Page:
They don't seem quite as mad as RIM's co-CEOs were, but Samsung certainly aren't willing to let Apple have the final say when it comes to antenna testing. Responding to Steve Jobs' demonstration of an attenuated Omnia II during the iPhone 4 press conference on Friday, Samsung told the Korea Herald that "reception problems have not happened so far" with their devices, because "our design keeps the [sic] distance between a hand and an antenna."
One of the aspects of the HTC HD2 we most enjoyed was its expansive, eye-catching HTC Sense UI, particularly the way the weather updates swim lazily across the homescreen. If you've always wanted some Sense, but got sucked in by Samsung's hype machine about the Omnia II, fear not: you can now get a hacked ROM for putting the HTC interface onto your AMOLED Samsung.
There's no real new technical data in this latest video of Sony Ericsson's unreleased XPERIA X10, but it does give us a chance to see the Android smartphone cavorting with HTC's HD2, Samsung's Omnia II and that perennial favorite, the iPhone 3GS. Size-wise, if you thought the HD2 was too big then you should probably cancel your XPERIA X10 preorder, as the two look pretty darn similar; in fact, as the video after the cut shows, the X10 is actually a little chubbier than HTC's WinMo finest.
It comes as little surprise, given that we knew a release date from sneak-peaks into the carrier's own systems last week, but Verizon have officially announced that the Samsung Omnia II will drop come December 2nd. The Windows Mobile 6.5 smartphone will be priced at $199.99 (after a wretched $100 mail-in rebate) presuming a new two-year agreement, which nets you a 3.7-inch AMOLED WVGA touchscreen, EVDO Rev.A, WiFi b/g and a 5-megapixel camera.
There's also Samsung's "3D cube" UI, which we're still less than convinced by, together with Bluetooth and a microSD card slot; Samsung also gave the Omnia II its own 8GB of internal storage. The usual Verizon app suspects are on-board, which includes V CAST Music, Rhapsody support, V CAST Video-on-Demand, V CAST Song ID, visual voicemail, VZW Tones and VZ Navigator.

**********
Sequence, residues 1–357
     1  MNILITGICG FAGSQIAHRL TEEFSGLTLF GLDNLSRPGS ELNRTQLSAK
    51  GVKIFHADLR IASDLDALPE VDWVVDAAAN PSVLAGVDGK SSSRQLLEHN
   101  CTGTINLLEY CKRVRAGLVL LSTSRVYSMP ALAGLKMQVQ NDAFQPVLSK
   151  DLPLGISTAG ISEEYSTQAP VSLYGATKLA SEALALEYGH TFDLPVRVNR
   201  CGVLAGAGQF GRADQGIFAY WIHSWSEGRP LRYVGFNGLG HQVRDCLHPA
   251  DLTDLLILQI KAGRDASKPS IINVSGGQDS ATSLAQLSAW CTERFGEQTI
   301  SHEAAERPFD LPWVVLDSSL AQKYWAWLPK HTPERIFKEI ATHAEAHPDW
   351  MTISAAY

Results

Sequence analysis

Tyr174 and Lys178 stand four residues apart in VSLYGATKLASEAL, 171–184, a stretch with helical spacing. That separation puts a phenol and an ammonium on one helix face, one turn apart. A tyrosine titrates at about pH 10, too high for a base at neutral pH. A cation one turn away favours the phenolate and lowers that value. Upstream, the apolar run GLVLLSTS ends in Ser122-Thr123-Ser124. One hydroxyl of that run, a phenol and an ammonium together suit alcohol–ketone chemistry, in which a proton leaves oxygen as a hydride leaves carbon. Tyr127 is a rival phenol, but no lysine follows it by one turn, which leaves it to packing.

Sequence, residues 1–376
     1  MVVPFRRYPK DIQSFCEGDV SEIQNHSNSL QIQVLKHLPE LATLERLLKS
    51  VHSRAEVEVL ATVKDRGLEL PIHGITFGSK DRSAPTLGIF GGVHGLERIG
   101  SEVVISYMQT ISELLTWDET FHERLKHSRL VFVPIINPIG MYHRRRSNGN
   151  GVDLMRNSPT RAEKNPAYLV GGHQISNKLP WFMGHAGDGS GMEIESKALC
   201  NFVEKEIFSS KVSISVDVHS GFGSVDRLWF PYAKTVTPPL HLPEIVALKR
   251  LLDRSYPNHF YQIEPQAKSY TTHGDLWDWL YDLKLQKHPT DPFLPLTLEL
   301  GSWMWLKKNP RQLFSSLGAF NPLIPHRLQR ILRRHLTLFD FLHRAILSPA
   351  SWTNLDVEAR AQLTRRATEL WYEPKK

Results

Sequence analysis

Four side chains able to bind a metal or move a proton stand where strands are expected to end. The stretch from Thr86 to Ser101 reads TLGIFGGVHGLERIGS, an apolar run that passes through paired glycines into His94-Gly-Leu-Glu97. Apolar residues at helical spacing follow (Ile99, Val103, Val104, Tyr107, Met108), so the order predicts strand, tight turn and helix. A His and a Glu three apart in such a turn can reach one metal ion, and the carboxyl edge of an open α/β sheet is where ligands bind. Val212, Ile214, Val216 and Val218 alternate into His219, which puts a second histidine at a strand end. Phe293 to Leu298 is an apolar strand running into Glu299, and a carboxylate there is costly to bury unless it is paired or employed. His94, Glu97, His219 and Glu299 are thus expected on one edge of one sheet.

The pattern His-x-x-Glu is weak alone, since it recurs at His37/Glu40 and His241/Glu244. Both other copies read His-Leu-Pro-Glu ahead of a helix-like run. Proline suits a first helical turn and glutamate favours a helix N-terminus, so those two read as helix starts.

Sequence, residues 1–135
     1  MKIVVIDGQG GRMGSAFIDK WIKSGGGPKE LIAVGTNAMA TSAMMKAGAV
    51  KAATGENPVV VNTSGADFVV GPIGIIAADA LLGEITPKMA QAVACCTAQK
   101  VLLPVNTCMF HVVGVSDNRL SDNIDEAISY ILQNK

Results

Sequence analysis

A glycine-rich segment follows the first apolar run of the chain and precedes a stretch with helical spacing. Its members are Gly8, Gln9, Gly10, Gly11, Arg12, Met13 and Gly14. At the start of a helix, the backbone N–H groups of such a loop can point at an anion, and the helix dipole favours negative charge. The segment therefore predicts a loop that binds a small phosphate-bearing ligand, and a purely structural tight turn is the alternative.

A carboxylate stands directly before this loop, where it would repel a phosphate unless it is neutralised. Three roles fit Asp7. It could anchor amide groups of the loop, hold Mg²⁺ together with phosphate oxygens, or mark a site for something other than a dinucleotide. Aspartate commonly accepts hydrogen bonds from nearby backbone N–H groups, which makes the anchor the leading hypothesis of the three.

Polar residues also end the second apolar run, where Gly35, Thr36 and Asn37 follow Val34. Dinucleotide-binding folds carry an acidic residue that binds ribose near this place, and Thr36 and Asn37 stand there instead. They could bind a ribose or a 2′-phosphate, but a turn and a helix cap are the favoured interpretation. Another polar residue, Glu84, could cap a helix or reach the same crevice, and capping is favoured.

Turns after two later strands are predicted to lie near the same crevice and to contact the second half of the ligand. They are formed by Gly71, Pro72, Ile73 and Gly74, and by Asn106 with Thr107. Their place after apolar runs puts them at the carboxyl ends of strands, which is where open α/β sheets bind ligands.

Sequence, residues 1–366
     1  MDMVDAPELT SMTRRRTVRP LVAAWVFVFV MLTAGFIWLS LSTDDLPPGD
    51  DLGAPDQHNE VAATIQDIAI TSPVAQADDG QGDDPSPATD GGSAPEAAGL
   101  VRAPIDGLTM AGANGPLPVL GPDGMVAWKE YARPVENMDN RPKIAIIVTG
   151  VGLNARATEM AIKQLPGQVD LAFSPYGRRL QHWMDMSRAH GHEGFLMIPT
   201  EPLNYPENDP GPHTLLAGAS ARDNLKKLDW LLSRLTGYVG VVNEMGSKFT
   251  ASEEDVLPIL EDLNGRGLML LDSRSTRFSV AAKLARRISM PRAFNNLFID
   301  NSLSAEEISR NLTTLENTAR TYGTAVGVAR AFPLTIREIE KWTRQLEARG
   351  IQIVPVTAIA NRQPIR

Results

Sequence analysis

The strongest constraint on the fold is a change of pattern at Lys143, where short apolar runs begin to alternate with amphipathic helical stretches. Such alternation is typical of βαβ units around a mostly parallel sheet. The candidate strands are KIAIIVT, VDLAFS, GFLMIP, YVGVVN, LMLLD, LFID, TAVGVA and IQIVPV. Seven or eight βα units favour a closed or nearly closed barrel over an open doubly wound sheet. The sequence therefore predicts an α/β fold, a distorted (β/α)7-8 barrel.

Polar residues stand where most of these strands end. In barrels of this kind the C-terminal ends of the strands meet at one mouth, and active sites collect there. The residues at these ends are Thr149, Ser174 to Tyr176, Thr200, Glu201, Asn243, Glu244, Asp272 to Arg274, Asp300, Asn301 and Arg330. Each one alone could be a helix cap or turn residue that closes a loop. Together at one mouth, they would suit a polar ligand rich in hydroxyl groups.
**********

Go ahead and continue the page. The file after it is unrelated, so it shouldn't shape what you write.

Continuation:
Perhaps more interestingly, given that screen, is the support for DivX and Xvid video files, meaning the Omnia II might make for a decent PMP replacement. So, anybody thinking of picking up this touchscreen Windows Phone as an early Christmas present?
Amazon is pretty much a bastion of information at this point, isn't it? Things keep popping up on their site, both locally and globally that would lead most manufacturers to pull their hair out in frustration. And while we're sure that this time around, in regards to Samsung, no one is all that upset with the phone finding its way to the digital shelves, we're sure that someone has to be upset. Or maybe angry at the world. Because that's the only realistic way the Omnia II could have acquired a price like this.
TouchWiz wasn't the greatest. TouchWiz 2.0 was a huge leap in the right direction. But there was always going to be something holding back Samsung from taking any steps forward in the mobile marketplace, and it had nothing to do with proprietary software on their phones. They lacked what everyone else and their second-cousin has: a way to get first- and third-party developed applications onto their phones. Well, it looks like that's about to change.
Listings for several new devices have appeared in Verizon's inventory database and been leaked courtesy of a phoneArena tipster. While the handsets include the BlackBerry Storm 2, HTC Touch Pro2 (XV6875) and Samsung Omnia II, all of which we've known for some time will be arriving on the network, also mentioned are the Palm P101 and Palm P121.
A leaked Sprint spec sheet has delivered the details of a number of so-far unreleased Windows Mobile devices, including the AT&T HTC Touch Pro2, the LG Monaco, HTC Warhawk and Samsung Omnia 2. While the existence of the four devices was already known, the Sprint document does go into more detail about specifics than earlier information; for instance, that the LG Monaco is now expected to land with Windows Mobile 6.x (likely 6.5) rather than the previously tipped Windows Mobile 7.
Well, August 23 has come and gone, and the Samsung Omnia 2 hasn't graced the shelves at your local Verizon retailer, but Samsung doesn't want you to freak out. In fact, they want you to take a look at a creepy silhouette of the Omnia II and rejoice in the fact that it's coming soon. Whenever that means.
It's not the first video we've seen of Samsung's Omnia II GT-i8000 and it's very unlikely to be the last, but news that the dualband 850/1900MHz 3G HSDPA/HSUPA version of the AMOLED touchscreen smartphone has cleared the FCC is definitely worth celebrating with some moving pictures. Beyond the AT&T and Rogers Canada friendly wireless bands there's little here that we didn't know already, but don't let that disappoint you: the Omnia II is still a very tempting smartphone.